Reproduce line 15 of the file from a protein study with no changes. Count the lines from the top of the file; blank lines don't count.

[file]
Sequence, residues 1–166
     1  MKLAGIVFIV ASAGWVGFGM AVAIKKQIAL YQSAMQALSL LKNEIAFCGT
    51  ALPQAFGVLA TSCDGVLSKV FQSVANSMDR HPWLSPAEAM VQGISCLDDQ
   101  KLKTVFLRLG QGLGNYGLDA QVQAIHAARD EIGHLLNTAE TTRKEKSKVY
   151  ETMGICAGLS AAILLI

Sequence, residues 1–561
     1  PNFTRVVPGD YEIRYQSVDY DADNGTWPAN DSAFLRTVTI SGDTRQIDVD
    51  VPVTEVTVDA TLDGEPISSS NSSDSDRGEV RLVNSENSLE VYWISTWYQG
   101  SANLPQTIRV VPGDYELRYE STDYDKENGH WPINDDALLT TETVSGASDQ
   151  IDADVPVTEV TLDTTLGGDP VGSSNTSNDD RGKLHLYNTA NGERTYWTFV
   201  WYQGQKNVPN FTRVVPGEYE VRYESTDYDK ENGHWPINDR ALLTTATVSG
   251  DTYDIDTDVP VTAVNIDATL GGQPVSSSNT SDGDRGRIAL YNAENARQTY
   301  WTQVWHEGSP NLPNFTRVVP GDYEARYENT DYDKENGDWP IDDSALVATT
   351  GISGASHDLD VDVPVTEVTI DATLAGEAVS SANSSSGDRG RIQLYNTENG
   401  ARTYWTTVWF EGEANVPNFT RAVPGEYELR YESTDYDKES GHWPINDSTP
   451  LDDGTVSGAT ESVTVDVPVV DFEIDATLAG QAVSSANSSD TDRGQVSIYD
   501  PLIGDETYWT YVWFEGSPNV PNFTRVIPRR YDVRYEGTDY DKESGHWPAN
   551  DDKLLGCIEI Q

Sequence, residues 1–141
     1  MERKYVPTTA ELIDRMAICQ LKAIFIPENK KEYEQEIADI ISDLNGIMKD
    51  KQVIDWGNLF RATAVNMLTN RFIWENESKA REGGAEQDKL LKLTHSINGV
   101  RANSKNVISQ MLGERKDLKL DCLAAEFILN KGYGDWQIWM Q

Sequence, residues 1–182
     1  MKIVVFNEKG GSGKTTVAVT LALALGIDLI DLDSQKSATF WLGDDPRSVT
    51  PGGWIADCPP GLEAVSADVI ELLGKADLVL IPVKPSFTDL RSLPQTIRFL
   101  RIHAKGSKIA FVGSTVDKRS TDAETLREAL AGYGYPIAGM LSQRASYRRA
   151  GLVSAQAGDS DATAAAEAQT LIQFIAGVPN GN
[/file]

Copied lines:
   401  ARTYWTTVWF EGEANVPNFT RAVPGEYELR YESTDYDKES GHWPINDSTP